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There are sites which suggest some veggies have a higher risk of contamination from pesticide residues. Should the OP take that into consideration?
 
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I don't know the answer to your question, but I do know that more of everything is always the right answer when it comes to composting materials.
 
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Don't know if this question is in the correct thread, but...
I have a compost pile, of sorts, in the back of my yard.  Originally I dumped all my veggie scraps on it, for about four years, as well as dead/dying plants and twigs I picked up.  It never really looked like the rich, developed compost I've seen pictures of, and I can't say it really helped my garden beds.

Now, during the warm months, I toss my food scraps into covered five gallon buckets, and after it's full and has marinated a few weeks, I get DH to dig a hole and pour it in.  Lots of stinky liquid, chunks of carrots, orange peels, apple cores, etc.  (I used to run the marinated scraps thru an old food processor so it would  break down faster, but it was a time-consuming and very smelly process, so I gave it up.)  Do you all think burying that gross stuff, as my family calls it, is actually doing my gardens good, or are the big pieces of peppers, potatoes, lettuce, apple cores, etc. taking so long to break down that it's not enriching the beds all that much?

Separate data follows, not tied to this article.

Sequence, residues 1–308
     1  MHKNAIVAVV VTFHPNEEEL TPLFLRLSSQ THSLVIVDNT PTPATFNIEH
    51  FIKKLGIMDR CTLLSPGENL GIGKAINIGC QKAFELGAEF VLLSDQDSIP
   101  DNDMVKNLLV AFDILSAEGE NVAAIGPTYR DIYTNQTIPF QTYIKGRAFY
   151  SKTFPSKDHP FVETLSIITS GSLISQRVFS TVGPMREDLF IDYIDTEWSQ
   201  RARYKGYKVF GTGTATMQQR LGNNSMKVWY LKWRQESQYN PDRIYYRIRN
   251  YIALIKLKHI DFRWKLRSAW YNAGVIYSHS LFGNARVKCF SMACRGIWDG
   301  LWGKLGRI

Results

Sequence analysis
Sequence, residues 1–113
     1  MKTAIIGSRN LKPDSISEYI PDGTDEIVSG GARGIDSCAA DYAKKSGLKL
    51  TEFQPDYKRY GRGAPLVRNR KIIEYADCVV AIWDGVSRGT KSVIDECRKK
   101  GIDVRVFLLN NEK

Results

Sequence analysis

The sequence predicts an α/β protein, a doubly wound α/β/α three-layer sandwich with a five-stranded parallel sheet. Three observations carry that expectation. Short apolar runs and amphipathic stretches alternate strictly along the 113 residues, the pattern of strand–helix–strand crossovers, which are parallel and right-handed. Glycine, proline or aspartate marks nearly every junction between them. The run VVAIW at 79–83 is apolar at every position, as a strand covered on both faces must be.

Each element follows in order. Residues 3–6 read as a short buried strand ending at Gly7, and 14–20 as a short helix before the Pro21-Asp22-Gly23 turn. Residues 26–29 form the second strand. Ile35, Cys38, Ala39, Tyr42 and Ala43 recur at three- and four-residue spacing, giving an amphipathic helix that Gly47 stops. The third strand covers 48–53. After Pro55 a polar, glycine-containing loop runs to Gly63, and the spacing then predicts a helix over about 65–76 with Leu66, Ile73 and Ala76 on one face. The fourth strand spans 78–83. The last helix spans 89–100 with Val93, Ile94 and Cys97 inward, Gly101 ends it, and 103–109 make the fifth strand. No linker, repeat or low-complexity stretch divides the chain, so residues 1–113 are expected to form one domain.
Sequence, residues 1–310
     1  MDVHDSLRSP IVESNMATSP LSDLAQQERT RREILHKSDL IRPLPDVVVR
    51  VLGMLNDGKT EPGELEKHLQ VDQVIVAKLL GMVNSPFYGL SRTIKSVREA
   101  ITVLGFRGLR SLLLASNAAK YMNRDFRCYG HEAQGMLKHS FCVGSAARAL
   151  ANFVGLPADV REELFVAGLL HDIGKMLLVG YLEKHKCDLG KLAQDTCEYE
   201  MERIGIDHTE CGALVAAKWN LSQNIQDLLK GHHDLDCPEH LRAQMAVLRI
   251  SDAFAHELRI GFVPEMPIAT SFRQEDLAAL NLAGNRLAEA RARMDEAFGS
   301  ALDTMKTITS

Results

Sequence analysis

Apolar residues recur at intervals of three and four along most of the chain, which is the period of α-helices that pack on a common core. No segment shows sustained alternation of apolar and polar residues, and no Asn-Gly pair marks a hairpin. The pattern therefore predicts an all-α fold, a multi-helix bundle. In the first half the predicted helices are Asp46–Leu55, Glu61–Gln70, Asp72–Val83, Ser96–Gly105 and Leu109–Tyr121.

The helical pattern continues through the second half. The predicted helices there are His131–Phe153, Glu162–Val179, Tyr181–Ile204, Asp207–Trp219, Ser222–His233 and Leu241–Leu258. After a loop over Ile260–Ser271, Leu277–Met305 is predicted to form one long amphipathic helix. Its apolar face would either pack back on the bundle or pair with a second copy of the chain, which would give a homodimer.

Emilie McVey
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Also, now on the back pile is probably 30" of clay that husband dug up while putting in a drainage pipe, covered with thick-ish branches and garden remains/trimmings. Lots of wild geraniums, weeds, a couple varieties of squash and a couple tomato plants have shown up, and the aggressive blackberry vines also seem to like it.  How long do you think it will take a good two feet of branches to decompose?  And will it improve the 30" of clay so that it is usable?
 
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My main consideration is/are the wormies in the heap.
For this reason I do NOT compost citrus. The worms do not like it. And it goes mouldy really, really fast if it is either humid or rainy.